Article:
It can be risky — even unheard of — to repeat the curtain-raiser event for a major arts festival just two years after its first outing.
But Perth Festival’s decision to restage its monumental sound and light projection extravaganza on the tree canopy of Perth’s oldest park was validated when audiences for the first two nights of Boorna Waanginy: The Trees Speak eclipsed the 110,000 who turned out to see it over four nights in 2017.
Audiences can see the final showing on Monday February 11 from 8:00pm-11:00pm.
The 1.5-kilometre walk through the avenues and glades of Kings Park, which takes a little under an hour, evokes the six seasons experienced by south-west Australia and is firmly rooted in local Noongar culture.
Created by Olympic opening ceremony maestro Nigel Jamieson in conjunction with Noongar artist Richard Walley, it is spectacular entertainment with a message.
The light show and myriad programs associated with it, including those involving children from 47 Perth schools, urge greater use of Aboriginal land care traditions and warn of Australia’s diminishing biodiversity.
Imagine Sydney’s Vivid neon light festival on an intimate scale with not only heart and soul, but embellished with the smell of fresh eucalyptus.
The Boorna Waanginy repeat was a pragmatic decision by festival artistic director Wendy Martin in her final year. She wanted to stage a new outdoor extravaganza with Jamieson for each of her four festivals.
She said the cost of devising and managing street closures and crowd control rendered that plan prohibitive. Now she is working towards turning Boorna Waanginy into an “annual event during wildflower season”.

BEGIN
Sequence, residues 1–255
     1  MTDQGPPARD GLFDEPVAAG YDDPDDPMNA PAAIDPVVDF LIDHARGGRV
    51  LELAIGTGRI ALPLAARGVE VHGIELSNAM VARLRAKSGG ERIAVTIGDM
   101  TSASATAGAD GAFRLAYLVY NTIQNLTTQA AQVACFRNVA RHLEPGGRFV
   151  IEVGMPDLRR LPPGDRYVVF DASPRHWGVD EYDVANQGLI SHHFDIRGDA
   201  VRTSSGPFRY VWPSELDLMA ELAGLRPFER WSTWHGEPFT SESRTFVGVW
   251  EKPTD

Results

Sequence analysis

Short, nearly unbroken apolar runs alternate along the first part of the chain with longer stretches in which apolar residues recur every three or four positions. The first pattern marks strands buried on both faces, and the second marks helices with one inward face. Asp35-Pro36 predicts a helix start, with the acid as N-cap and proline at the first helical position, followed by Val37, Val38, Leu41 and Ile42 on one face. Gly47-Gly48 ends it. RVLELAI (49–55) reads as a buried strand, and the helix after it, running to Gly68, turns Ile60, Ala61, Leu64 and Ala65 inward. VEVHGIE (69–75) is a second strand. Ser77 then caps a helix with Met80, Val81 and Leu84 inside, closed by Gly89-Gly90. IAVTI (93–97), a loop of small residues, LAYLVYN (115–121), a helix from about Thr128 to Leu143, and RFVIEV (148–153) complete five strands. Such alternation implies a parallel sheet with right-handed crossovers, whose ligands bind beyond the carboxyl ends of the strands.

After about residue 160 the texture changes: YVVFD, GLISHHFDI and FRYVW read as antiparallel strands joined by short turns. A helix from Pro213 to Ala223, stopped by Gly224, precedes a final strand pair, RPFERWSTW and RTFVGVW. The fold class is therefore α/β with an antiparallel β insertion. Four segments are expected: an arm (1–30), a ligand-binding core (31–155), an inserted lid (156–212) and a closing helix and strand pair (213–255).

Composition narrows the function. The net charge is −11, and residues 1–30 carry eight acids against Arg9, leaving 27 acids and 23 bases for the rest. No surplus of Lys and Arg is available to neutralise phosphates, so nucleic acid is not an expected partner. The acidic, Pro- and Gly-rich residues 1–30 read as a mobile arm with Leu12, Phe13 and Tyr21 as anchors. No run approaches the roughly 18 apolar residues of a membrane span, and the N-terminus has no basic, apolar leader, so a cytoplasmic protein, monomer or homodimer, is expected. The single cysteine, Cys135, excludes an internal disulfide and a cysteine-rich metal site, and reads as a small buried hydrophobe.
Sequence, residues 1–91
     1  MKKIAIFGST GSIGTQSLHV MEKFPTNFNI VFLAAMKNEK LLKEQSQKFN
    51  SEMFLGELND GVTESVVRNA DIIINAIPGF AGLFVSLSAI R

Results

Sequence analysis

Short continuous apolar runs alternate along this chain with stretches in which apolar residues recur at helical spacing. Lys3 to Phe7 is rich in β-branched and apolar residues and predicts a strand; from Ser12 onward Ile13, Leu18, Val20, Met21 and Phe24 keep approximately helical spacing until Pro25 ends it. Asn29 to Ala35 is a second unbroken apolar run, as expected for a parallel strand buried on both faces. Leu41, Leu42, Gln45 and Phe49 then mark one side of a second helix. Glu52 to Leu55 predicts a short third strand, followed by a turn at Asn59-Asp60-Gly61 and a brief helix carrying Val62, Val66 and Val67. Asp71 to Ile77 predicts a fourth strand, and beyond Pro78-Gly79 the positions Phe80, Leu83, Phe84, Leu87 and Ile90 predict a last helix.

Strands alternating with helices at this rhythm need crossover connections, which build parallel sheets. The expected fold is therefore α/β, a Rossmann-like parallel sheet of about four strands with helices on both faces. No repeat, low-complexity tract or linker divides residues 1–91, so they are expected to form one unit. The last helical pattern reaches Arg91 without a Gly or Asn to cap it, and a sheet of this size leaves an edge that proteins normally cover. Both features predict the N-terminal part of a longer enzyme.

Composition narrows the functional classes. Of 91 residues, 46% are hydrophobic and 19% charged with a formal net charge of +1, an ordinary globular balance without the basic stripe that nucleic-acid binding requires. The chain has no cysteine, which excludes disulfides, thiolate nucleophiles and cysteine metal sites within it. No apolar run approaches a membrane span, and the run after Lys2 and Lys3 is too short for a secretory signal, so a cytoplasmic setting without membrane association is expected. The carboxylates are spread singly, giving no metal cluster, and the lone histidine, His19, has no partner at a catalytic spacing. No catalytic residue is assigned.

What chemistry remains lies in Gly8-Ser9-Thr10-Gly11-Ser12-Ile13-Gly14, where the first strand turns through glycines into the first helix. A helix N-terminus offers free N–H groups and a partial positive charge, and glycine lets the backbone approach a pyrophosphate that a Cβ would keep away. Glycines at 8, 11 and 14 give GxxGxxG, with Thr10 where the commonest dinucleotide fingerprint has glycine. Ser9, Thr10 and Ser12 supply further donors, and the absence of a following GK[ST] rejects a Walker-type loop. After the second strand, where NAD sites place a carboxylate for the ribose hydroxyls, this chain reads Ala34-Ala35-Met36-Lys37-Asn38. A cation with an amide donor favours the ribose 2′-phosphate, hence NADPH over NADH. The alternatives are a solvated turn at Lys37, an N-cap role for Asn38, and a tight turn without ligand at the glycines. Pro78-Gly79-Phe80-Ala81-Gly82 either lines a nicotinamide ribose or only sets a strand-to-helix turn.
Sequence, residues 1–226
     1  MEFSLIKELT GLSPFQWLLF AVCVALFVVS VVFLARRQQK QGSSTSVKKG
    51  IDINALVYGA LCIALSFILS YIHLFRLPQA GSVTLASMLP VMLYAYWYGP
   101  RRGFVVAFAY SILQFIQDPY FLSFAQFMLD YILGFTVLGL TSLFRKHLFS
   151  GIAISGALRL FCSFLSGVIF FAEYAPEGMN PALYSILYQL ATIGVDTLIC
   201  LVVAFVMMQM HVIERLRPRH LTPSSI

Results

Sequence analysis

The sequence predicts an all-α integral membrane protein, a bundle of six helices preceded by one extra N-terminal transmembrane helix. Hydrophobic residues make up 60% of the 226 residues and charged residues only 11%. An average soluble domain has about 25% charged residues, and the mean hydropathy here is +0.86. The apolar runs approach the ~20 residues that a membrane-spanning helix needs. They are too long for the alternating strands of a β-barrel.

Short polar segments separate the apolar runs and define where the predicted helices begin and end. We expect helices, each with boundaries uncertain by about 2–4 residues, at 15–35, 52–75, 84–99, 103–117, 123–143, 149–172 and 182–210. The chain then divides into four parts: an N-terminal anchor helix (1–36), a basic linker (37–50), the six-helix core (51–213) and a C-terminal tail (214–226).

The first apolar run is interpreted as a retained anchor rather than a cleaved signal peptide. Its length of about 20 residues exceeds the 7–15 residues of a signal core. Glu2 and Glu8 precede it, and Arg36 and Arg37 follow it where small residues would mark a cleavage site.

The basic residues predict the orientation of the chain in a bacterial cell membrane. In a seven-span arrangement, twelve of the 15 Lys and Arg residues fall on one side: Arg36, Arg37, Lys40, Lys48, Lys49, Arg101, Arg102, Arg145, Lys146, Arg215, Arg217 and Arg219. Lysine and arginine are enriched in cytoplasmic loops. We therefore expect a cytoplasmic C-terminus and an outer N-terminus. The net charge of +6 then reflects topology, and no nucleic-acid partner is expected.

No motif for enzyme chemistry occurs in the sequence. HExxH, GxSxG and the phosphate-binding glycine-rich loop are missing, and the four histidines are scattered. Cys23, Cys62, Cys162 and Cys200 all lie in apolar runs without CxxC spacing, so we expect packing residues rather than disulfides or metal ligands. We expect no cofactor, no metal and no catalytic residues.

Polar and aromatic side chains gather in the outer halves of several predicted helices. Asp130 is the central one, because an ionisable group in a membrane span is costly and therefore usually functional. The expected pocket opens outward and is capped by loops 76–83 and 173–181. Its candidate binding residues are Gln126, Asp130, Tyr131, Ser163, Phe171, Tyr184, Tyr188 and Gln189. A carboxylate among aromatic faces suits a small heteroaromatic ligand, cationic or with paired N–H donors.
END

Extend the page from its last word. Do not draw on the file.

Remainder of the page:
As Martin wraps her four-year stint in WA, Boorna Waanginy exemplifies her festival vision: it is specific to a site and unashamedly local, it has a nod to science and is a collaboration between a leading West Australian artist and an international artist at the top of their field.
Boorna Waanginy will be her legacy, especially if it returns annually.
Heavy local programming at Australian arts festivals is usually interpreted as a cost-saving measure, but Perth remains Australia’s richest per-capita arts festival due in part to its receipt of mandated lottery funds, which this year amounted to $7 million.
Income from grants, sponsorship, philanthropy and box office (target $4.2 million) amounts to $17 million annual turnover for a population of 1.9 million.
By comparison, Sydney Festival last reported its turnover as $21 million in 2017, for a population of just under 5 million.
On opening weekend, the standout local world premiere was an enchanting physical theatre piece titled Sunset, a collaboration between Perth’s Strut Dance and renowned UK choreographer Maxine Doyle (associate director for immersive theatre company Punchdrunk), who devised the New York theatrical institution Sleep No More.
State theatre company Black Swan also sought to make a splash on opening weekend with its 2019 season curtain-raiser, a reinvention of Our Town, Thornton Wilder’s 100-year-old classic of American theatre.
In her second season as Black Swan artistic director, Clare Watson upended convention and staged the play in an outdoor amphitheatre at the State Theatre Centre.
On a purpose-build stage with stadium seating, the audience wore headphones to hear mic’ed actors and to block the waves of noise rolling through Perth’s cultural precinct, which is populated at this time of year with buskers galore and revellers attracted to Fringe World events.
The biggest flaw of Our Town is that the actors aren’t. In another experimental twist, Watson left the outdated script untouched but populated the play with a roster of actual priests, professors, newspaper editors.
This community outreach caused consternation in a theatrical community disappointed to see such prized and rare roles going to non-professionals, and resulted in a one-note performance that seemed to run much longer than its two hours.
Successful local indie collective make Perth Festival debut
Another of the new WA works will premiere this week: Le Nor, from Perth’s most successful independent theatre collective, The Last Great Hunt.
Billed as a faux foreign film in a made-up language being made live on stage, it has an eight-performance run from Wednesday February 13.